by Logan Lowrey-Rasmussen
What and who the hell is Coffee Pot?
For the past few months, I’ve closely followed a musician’s Twitter handle of unknown origins, like Rumpelstiltskin approaching me with a weary bargain, a strange-yet-endearing EP under the title of Anthrophobia ended up getting shoved into the back of my inbox until I felt fully in control of my rapidly-decaying cognitive abilities. Containing the Latin prefix “anthro”, meaning human, how could I resist a short five-track romp with the theme of “human phobia?” I hate humans, and you should too!
But I digress, a short briefing by band member B Bohannon quickly led me into the meticulous, recently synth-driven material:
“In 2015, we set out to make music that could easily be performed well live and it took a turn towards a psychedelic, punk direction. There were minimal synths used on the recordings and they would always consist of traditional rock n roll instrumentation,” explained Bohannon.
“On this release we had the opportunity to use a lot of different synthesizers, organs, drum machines, and tape loops; however we began this process under the impression we would likely never play these live due to the nature of being a bi-costal group.”
The opening bars of the first track, “Alkaline”, quickly jump off from traditional percussion to a college marching band on acid. The synth heavy production mentioned above makes its presence known without much hesitation, until the lead vocals fade into poppy New Wave elements. As the production scales from a bombastically brassy synth number to a feathery-yet-harsh melody based around jazzy composition elements, Coffee Pot doesn’t want you to get too comfortable and quickly deposits all of the above elements masterfully into a noise blender. As if they planned to pen the musical called My Own Disappointment with My Life by Logan, the frantic jazz fading into the light, ambient noise signified the death of the first track.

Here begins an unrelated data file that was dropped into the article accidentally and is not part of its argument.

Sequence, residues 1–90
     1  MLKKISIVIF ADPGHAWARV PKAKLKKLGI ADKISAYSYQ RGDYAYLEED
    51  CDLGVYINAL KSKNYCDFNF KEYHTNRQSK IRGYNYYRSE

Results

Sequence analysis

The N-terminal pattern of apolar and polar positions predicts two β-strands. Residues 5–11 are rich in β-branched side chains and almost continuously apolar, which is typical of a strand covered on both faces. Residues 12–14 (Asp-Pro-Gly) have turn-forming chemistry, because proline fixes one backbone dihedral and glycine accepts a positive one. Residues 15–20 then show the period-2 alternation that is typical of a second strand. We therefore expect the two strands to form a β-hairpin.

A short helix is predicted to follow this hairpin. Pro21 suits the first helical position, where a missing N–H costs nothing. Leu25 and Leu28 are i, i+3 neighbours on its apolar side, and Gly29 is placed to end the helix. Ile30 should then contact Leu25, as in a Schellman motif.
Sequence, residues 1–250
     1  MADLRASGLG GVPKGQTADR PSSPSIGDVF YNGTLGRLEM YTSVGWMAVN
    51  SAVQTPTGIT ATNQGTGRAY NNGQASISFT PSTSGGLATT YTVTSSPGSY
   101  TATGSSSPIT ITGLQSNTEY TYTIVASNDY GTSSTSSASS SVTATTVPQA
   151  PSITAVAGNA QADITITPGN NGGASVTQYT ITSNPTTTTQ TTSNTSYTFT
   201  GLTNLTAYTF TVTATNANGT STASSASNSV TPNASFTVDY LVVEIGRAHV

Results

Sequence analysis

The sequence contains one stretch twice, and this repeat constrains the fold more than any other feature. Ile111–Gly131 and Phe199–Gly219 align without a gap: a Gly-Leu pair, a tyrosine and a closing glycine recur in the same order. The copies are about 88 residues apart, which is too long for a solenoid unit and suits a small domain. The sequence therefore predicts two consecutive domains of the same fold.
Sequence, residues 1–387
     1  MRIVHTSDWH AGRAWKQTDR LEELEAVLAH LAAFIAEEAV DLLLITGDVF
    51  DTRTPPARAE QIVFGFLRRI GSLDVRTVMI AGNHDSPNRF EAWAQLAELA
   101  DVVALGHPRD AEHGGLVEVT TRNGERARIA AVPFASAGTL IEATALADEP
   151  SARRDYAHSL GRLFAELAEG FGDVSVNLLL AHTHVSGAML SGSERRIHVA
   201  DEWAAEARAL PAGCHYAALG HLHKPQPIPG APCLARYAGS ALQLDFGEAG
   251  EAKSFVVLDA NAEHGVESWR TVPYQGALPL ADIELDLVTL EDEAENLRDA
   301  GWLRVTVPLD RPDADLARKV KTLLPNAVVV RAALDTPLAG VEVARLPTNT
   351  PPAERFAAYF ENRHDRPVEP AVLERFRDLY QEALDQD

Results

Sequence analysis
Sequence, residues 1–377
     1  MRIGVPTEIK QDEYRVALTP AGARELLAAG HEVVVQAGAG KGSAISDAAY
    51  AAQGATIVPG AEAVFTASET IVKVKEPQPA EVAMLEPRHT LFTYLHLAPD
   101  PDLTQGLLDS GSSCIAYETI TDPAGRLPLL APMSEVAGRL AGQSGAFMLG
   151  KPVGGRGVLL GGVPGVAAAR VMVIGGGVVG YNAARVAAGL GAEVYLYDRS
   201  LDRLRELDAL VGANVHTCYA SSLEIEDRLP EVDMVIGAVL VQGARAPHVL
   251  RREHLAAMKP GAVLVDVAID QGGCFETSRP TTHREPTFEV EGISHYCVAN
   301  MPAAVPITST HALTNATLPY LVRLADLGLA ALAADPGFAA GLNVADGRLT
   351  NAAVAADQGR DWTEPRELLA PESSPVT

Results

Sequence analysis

“Working on this release has been the most methodical process we have undertaken, and the actual live tracking of instruments were done over the course of four days in Phoenix this time last year,” B Bohannon continued.
“From there, most of the work on the release was done in Brooklyn — Conner [Chase] hosted me out there for two weeks in July to overdub [additional synths + vocals] and mix.”
“Gemini” begins with a quick 8-bit descent into a grungy electric guitar. Going back to their rock roots with a banging alt-rock melody, the sleepy, methadone delivery of the vocals pair nicely with the instrumental distortion. While it is initially more catchy than “Alkaline,” the second track contains more eastern disco influences in the backbeat, quickly leading into “Corridor Metaphor”. The half-way point of the EP doubles down on the New Wave elements with an addictive synth riff interrupting the HAM radio aesthetic.
“I would describe our genre as being equal parts new wave and kraut rock — a frankenstein proto-pop-kraut-wave-disco,” states B Bohannon.
The fourth and title track represents the closest you’ll get to a Coffee Pot power ballad; while the kraut influences aren’t as strong as the tracks above, the track is a comparatively gentle stroll through Central Park, circa 1999, on all those easy-to-get opioids. Weighing in at a hefty five minutes, “Anthrophobia” devolves into 8-bit nuclear splendor after a short drum cadence.
The Anthrophobia EP closes out with “Liberty Fabrics,” a dip into strange percussion and organic production, with a mantric vocal guiding the outro of the pandemonium you’ve probably experienced.
“This EP explores notions of personal growth, strength in numbers, the fear of a society and it’s actors actively oppressing marginalized individuals, and a look past the bleak hell-scape we currently occupy,” finalized B Bohannon of Coffee Pot.
Half of me wants to ask, “what the hell was that?”, while the other half was pleased I bought the ticket and took the ride. At its core, Anthrophobia is a sadistic exercise in combining the non-combinable in to logical patterns, only to infuriate the status quo of music and culture. As soon as you get comfy with one riff, another blaring, out of place instrument both pleasantly surprises and terrifies. The composition of this EP was engineered to make you squirm, and if it doesn’t, ask for your money back.
Coffee pot is here, queer, and ready to make you fear.